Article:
Australia’s fresh vegetable production volume was 3.8 million tons in 2021, worth 4.9 billion Australian dollars (about €3.3 billion). Exports were worth about A$250 million – about 6-7% of total production – with carrots accounting for one-third of the total. Asparagus is the category with the highest export rate (about 50%), while other products average about 5%. Potato exports totalled about 50,000 tons, with onion shipments coming to around 30,000 tons.
95% of exports under non-protocol conditions
The only market requiring all vegetable imports from Australia be fumigated is Japan, while the other Asian markets are served under non-protocol conditions. Singapore is a growing destination for Australian veggies, with other main export markets including the UAE, Malaysia, Hong Kong and Taiwan.
After a significant drop in production and exports in 2020-21 due to a combination of Covid-19 and the exceptionally wet conditions, production quality is now back to optimum. At the recent FHA Food & Beverages Singapore 2022 event, the leading Australian companies proved that they remain in fine shape and are back to business as usual.
VFS Exports supplies Australian summer fruit
The expanding company has more than 2,000 acres of stone fruit, grapes and citrus to supply markets like China, Singapore, Malaysia, Thailand, Canada and the Middle East. “With the Indian market now open to our Australian fruit, we hope to start supplying there next season,” said VFS Exports logistics coordinator Christina Ripepi. The company supplies all types of stone fruit varieties between November and March, as well as citrus and grapes during the rest of the year.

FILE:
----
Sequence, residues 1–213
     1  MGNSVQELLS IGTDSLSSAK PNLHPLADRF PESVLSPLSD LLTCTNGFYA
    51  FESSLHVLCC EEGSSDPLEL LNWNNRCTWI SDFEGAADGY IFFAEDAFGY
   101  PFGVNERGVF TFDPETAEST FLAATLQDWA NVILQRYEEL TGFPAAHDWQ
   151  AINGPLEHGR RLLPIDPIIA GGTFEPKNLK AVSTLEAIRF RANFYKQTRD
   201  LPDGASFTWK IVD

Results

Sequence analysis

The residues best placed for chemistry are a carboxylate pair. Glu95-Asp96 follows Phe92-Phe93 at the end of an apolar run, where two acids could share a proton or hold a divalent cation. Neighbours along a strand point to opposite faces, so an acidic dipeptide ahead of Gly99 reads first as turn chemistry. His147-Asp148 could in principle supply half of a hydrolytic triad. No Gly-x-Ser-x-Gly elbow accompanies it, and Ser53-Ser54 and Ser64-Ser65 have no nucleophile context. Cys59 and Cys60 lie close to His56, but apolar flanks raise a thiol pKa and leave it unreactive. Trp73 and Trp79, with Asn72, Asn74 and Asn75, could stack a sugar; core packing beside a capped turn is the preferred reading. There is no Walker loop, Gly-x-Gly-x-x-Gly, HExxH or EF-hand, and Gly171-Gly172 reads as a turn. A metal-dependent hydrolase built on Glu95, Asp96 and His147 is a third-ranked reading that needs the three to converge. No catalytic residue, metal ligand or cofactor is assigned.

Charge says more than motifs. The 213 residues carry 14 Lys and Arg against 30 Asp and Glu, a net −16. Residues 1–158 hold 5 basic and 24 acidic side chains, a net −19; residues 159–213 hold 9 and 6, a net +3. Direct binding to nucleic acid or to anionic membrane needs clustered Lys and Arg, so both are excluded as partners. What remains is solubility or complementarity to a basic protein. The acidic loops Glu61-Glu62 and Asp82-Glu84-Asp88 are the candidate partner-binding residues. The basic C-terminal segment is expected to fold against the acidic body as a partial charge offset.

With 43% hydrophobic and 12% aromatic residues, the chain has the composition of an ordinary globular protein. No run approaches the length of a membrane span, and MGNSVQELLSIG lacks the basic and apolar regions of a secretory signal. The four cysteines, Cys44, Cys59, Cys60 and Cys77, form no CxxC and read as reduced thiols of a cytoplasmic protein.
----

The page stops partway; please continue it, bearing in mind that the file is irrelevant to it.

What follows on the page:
Australian Table Grape Association to enter Indian market
Due to the lockdowns, logistics problems and an exceptionally wet spring, Australian table grape exports in 2021/22 were reduced to nearly half of the usual volume, totalling about 110,000 tons, compared to the usual level of over 200,000 tons. China takes a third of all shipments, followed by Indonesia, Vietnam, South Korea, Japan, the Philippines and Thailand. “We are trying to improve our access to the US market, register new varieties in Japan and start entering the Indian market, where we have just reached a protocol agreement,” said Jeff Scott, CEO of the Australian Table Grape Association.